Due to Loki's nature as a trickster, among many other reasons, I believe he was demonized with the spread of Christianity in Scandinavia and associated somewhat with Lucifer/Satan (please correct me if I'm wrong). Did anything similar happen with Odin, as his involvement in seiðr and other magics could have been seen as satanic, or was he equated more as a Christ figure (i.e. hanging on Yggdrasil) or God equivalent (Allfather)?

Any information helps. Thanks!

2 Answers 2


Questions concerning Christian influence on Norse mythology are always hard, given that many of the written sources at our disposal were compiled after the Christianization of Scandinavia. Nevertheless, cross-referencing with the archaelogical record and with the pre-Christian sources has allowed scholars to reach some consensus on tales and motifs which are genuinely pagan. However, characters like Loki, and events like Odin's sacrifice to himself remain controversial, and are still debated today.

Even though your question concerns mainly Odin, I believe also the opening sentence about Loki deserves some clarification. For this reason, I will split my answer in two parts, one for each deity.


It is entirely possible that Loki underwent a 'demonization' after the Christianization of Scandinavia (this is a view held, among others, by Jan de Vries). This would explain his apparently contradictory nature:

On the one hand, Loki is said to be the murderer by advice (ráðbani) of Baldr, whose killing is said to be the worst incident among gods and men (Gylfaginning, ch. 33). Both Loki and his children play a central part in Ragnarok on the side of the enemies of the gods, and many other calamities that strike the gods are caused by Loki, too. On the other hand, he is the blood relation of Óðinn and a figure who, by his own will or not, brings the gods some of their most precious objects, without which they could not fulfill their function as defenders of the cosmos.
Jens Peter Schjødt, entry on Loki in Medieval Scandinavia: An Encyclopedia

However, not all scholars share (or shared) this view. For example, Georges Dumézil, in his book Loki (1948), argued convincingly in favor of a purely Indo-European (that is, not influenced by Christianity) origin of Loki, and compared the murder of Balder to a similar episode appearing in the Ossetian Nart Saga, involving the trickster Syrdon and the hero Soslan.

On the opposite side of the spectrum, Kees Samplonius, building on an etymology proposed by Sophus Bugge, which derives Loki from Lucifer, believes in a purely Christian origin of Loki:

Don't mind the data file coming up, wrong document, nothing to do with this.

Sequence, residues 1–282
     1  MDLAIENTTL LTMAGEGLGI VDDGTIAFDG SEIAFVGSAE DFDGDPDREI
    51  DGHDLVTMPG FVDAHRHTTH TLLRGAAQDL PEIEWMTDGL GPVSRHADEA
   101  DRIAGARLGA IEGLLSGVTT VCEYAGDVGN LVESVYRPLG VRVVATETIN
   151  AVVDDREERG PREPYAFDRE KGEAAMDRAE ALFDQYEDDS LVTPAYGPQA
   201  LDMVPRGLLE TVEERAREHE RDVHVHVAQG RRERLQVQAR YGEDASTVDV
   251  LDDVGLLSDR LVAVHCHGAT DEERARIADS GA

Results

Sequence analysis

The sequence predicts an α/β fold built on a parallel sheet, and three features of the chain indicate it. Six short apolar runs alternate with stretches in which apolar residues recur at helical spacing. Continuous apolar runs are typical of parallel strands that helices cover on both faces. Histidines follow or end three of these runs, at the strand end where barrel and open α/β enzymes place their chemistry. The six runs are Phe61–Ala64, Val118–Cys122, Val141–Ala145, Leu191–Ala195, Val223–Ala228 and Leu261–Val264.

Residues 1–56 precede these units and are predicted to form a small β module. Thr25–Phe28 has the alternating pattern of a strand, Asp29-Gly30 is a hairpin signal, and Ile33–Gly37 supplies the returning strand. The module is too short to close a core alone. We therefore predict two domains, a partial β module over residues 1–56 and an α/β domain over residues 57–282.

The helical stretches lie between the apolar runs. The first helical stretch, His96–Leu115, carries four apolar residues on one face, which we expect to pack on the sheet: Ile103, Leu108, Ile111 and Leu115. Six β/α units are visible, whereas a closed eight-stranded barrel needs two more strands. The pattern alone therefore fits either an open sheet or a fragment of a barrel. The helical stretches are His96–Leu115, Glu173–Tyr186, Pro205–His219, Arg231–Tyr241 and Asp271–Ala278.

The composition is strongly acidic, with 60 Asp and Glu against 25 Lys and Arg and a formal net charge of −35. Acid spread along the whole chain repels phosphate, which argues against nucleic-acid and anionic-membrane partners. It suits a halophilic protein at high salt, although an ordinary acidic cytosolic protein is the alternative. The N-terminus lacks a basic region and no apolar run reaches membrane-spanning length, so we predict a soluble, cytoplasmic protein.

However, if Loki was a god (or at least a supernatural being of some sort) with the character of Satan and with a name best explained as short for Lucifer, strong arguments are needed to make him an Old Germanic deity. [...] The only sensible answer is that, for all of the variances of manifestation, Loki drew his name from the Christian Lucifer and remained associated with him in various ways. [...] The heathen or merely superficial Christian Nordic people may have liked this Lucifer derivative, because the figure was suitable for good story-telling, just as the Devil figures in many popular tales in the rest of Europe.
Kees Samplonius, The Background and Scope of Völuspá, in The Nordic Apocalypse

All this to emphasize the difficulties in assessing to which extent a complex character like Loki was influenced by the process of Christianization. In the words of Jens Peter Schjødt:

We have seen that most of the research concerning Loki has focused on attempting to distinguish between pagan and Christian notions of the figure. This is reasonable given the nature of especially the literary sources we have at our disposal; but at the same time, there is a risk that the quite trite acknowledgement, known to all historians of religion, that all religious notions and all religious rituals are to some extent influenced by something else, is forgotten, resulting in the utopian idea that if we are only careful enough in our treatment of the sources we can find, behind all those late and foreign influences, a figure that was pure and not ‘polluted’ by any sort of influence. Such a god does not exist, not in Scandinavia, nor anywhere else, at least not within the whole of the Indo-European and Semitic areas.
Jens Peter Schjødt, Loki in The Pre-Christian Religions of the North


In Odin's case, the situation seems to be slightly simpler. There is some consensus among scholars regarding an original 'demonic' nature of Odin, associated to his close connection with the dead and with human sacrifices, as well as to the practice of various forms of magic. For this reason Dumézil, in Gods of the Ancient Northmen (1973), proposed a parallel between Odin and the Indian god Varuna.

Odin's demonic nature is exaggerated whenever Odin interacts with Christian characters, and certain Christian authors tend to portray him in a negative light: